Context: On Byron's first trip to Europe, he and his companion, John Hobhouse, spent some time in Malta where they met Spencer Smith and his wife Constance. Hers was a fantastic story, quite apart from her adventures with the Marquis de Salvo. In 1806 she incurred the enmity of Napoleon and was imprisoned. She escaped down a rope ladder in male disguise. Byron was immediately taken with her, perhaps because of her near-sightedness and habit of looking at men with bewildered vagueness, like a romantic lady in distress. But she was realist enough to defraud the poet of a costly yellow diamond. Byron wrote to his mother that he was in love with a German lady with fat arms, though his references to her in Childe Harold's Pilgrimage II, 30–35, do not make him appear very much infatuated with her. Her actual name was Constance, but in his narrative the poet gives her the more romantic name of Florence. Thomas Moore, who used Byron's Memoirs in writing the poet's biography, declared–and Byron's friend Hobhouse agreed–that Byron's references to her were cold. With the passing of time, however, Byron idealized her in a number of short poems, and made passionate references to their relationship. The poems include "Stanzas Composed during a Thunderstorm," "Stanzas written in Passing the Ambracian Gulf," and "To Florence," of which the first, seventh, eighth, and final stanzas are here given. He tells her he loves her and wants her to look on him as a friend, and he will think of her when he sees her birthplace, Stamboul.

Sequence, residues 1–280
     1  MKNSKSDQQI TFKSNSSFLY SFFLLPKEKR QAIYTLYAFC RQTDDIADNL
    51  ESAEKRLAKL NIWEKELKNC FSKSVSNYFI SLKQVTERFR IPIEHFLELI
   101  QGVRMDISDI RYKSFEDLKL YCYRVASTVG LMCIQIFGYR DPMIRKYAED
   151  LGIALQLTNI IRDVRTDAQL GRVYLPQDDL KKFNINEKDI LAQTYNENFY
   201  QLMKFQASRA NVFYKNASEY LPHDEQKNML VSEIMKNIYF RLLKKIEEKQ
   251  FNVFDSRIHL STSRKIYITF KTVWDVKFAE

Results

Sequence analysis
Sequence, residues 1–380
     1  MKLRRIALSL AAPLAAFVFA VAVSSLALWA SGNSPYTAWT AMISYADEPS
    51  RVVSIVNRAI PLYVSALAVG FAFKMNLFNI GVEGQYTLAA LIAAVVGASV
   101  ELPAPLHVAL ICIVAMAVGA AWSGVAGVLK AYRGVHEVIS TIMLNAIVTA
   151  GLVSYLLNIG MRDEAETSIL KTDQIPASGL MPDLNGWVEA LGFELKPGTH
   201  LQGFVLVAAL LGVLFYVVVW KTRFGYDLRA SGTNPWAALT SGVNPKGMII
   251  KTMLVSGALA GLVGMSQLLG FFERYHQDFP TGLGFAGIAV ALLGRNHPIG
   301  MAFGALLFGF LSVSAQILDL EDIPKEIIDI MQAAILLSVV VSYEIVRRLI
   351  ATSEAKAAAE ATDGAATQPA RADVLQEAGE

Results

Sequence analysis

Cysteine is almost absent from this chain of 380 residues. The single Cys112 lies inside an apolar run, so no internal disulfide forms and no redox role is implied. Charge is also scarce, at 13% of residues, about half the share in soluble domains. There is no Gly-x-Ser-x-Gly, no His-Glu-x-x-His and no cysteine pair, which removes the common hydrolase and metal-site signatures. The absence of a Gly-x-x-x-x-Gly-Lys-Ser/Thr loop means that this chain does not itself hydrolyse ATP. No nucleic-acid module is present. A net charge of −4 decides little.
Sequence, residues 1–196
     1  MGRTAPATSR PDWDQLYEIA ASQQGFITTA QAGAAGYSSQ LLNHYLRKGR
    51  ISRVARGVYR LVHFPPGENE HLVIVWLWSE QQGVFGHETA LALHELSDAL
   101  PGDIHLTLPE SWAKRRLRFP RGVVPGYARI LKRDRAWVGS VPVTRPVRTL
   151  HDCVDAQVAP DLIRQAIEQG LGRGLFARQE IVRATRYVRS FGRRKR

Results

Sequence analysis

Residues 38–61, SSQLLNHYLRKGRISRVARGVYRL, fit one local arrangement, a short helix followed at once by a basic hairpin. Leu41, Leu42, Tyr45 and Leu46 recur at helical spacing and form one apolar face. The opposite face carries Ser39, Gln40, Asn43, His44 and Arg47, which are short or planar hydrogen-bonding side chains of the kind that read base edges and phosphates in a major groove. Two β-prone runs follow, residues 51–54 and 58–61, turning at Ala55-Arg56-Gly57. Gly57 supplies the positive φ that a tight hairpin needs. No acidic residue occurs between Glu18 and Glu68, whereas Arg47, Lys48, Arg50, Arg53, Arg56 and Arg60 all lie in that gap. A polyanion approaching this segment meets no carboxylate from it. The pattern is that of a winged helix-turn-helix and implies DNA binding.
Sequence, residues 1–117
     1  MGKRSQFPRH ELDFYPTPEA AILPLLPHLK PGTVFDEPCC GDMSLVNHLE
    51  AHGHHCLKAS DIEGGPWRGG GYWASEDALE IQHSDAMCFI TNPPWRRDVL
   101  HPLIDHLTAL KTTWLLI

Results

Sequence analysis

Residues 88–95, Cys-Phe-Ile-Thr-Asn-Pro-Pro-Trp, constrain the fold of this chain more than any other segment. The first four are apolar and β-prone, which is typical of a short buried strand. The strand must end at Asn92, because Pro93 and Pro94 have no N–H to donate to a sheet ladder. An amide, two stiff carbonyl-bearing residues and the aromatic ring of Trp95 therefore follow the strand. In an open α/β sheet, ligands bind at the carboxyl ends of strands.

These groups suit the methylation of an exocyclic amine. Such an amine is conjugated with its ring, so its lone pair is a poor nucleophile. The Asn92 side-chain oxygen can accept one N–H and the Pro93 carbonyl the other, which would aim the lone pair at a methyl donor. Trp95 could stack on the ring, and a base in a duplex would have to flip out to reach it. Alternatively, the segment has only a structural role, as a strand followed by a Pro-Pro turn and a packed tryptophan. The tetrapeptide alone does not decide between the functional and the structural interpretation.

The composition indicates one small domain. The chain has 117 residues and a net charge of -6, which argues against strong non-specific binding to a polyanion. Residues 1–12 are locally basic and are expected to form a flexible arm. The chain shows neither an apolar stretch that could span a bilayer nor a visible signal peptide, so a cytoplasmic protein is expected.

Oh Lady! when I left the shore,The distant shore which gave me birth,I hardly thought to grieve once more,To quit another spot on earth: . . .. . .And who so cold as look on thee,Thou lovely wand'rer, and be less?Nor be, what man should ever be,The friend of Beauty in distress?Ah, who could think that form had pastThrough Danger's most destructive path,Had braved the death-winged tempest's blast,And 'scaped a tyrant's fiercer wrath? . . .. . .And though I bid thee now farewell,When I behold that wondrous scene,Since where thou are I may not dwell,'T will soothe to be, where thou hast been.